I would need a Kickstarter to raise money to pay someone [...]
I didn't know what I would get paid to write this article. I didn't ask. It doesn't matter. It won't make a tangible dent in paying the rent on my apartment in Brooklyn, or, for that matter, rent on an apartment in any other city. By the time I finish the research, the interviews, the writing, and the editing, whatever small sum—$30, $125, $200—this site pays me will pale in comparison to the effort. It's not "worth it" in a traditional monetary sense. I'm doing it for exposure (maybe hire me?), because I'm interested in the topic, and because it's immediately relevant to my so-called career as a [...]
"You know what’s been the biggest job creator over the last few decades? Financial bubbles. The labor demand created by the dot-com bubble in the 1990s and the housing bubble of the 2000s created millions of jobs and sent the unemployment rate below 5 percent in both cases."
It is once again time for the NCAA "March Madness" basketball tournament. The eventual champions will get to bask in the national spotlight. And sure, winning a basketball title is worth bragging about—but we all know the real champion is the institution of higher education that can charge the most tuition and still have enough students to keep its rejection letter printer warm. It's The Awl's annual NCAA bracket by tuition, using the college information resource Peterson's. (Where available, in-state tuition was used.) Since we first began March Madne$$ in 2009, the winning tuition has risen from $38,622 to [...]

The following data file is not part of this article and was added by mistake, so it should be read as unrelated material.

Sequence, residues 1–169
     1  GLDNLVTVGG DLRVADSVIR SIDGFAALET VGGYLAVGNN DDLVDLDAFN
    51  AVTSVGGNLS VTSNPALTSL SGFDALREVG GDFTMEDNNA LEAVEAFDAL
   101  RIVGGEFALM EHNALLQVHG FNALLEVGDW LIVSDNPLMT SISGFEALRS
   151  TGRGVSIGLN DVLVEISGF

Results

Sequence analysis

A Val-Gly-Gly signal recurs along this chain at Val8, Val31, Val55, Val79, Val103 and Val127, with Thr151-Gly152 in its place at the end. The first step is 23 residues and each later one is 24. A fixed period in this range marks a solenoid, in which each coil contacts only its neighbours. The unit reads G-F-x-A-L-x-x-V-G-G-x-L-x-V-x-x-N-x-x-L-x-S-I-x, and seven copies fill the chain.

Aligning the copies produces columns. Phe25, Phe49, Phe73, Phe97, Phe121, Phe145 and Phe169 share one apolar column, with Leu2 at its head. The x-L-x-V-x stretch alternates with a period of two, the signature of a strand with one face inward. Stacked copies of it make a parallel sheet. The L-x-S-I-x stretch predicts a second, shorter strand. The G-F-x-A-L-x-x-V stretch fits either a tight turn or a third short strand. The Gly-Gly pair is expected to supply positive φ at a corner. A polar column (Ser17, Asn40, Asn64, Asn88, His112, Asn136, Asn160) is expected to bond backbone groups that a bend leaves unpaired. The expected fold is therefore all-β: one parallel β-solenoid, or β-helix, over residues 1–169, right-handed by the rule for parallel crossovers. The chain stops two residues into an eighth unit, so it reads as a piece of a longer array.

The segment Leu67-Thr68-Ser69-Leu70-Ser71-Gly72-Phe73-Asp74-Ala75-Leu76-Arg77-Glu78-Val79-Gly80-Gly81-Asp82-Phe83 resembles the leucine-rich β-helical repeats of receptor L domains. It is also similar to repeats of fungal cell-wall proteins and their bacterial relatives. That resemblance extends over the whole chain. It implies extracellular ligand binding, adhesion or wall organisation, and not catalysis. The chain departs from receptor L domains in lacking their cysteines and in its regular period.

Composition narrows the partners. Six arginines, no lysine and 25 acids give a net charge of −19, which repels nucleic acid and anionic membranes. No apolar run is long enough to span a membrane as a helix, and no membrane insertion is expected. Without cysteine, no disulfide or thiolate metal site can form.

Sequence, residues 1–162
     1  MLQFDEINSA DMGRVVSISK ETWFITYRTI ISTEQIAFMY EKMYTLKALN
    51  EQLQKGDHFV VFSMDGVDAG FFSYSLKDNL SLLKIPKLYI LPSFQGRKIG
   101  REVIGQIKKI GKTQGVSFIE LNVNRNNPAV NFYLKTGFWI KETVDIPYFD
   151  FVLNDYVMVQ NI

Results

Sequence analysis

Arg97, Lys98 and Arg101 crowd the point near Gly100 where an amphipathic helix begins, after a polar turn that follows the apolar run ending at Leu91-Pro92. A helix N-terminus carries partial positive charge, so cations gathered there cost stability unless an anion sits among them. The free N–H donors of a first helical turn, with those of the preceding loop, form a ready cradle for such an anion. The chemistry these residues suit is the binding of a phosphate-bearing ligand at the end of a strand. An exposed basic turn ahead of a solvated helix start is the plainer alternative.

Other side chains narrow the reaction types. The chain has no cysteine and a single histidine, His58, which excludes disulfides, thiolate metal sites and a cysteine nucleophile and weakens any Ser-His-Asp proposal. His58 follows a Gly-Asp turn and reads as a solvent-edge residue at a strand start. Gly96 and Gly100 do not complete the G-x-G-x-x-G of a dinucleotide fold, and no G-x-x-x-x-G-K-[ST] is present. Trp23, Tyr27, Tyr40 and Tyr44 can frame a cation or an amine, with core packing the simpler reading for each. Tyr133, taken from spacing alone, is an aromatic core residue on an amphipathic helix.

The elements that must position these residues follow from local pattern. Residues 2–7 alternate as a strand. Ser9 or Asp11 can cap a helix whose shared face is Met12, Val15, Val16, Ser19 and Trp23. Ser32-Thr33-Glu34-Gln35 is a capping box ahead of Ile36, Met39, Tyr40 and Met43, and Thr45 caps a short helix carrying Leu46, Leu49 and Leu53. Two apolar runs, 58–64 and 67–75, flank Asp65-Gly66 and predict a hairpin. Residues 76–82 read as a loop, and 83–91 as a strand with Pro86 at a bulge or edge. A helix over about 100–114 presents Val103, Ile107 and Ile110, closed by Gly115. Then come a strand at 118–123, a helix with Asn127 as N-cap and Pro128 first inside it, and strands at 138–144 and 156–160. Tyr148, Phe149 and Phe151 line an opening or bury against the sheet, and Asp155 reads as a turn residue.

TWC goes to Comcast. This chart helps put it in to perspective. pic.twitter.com/XmlAZvOE3Y
— James Gross (@James_Gross) February 13, 2014
That chart above went around a bit last night, with the news of the purchase of Time Warner by Comcast for $45.2 billion. It compares the "market value" of LinkedIn, Twitter, Facebook and Google v. the "market value" of CBS, Viacom, Disney, Comcast and Time Warner Cable. You know, the new establishment v. those stupid old dinosaurs. Hmm, how else could we compare these companies?
Oh right, how about by that crazy out-of-fashion metric: by the money they make? I made you a chart! Here's that [...]
The promise of this country used to be if you worked hard and played by the rules you would be okay and your kids would be a little bit better off than you were. Now we live with the hope that maybe we'll find free money in a box of junk food. Oh well, we had a good run.
Do you know what kind of heat twenty-five billion dollars puts out? Large concentrations of money have always been surrounded by thick walls. Most people think the walls are there to protect the money from us. The secret is that the walls are there to protect us from the money.
I am Jeff Bezos's robot butler. I cannot harm Jeff Bezos, or through inaction allow Jeff Bezos to come to harm. Mr. Bezos is kind of a traditionalist. But I'm sitting in the money room, deep in the lowest levels of the Flying Dragon Lair, and wondering what exactly constitutes harm.
Is it good for anyone's soul to [...]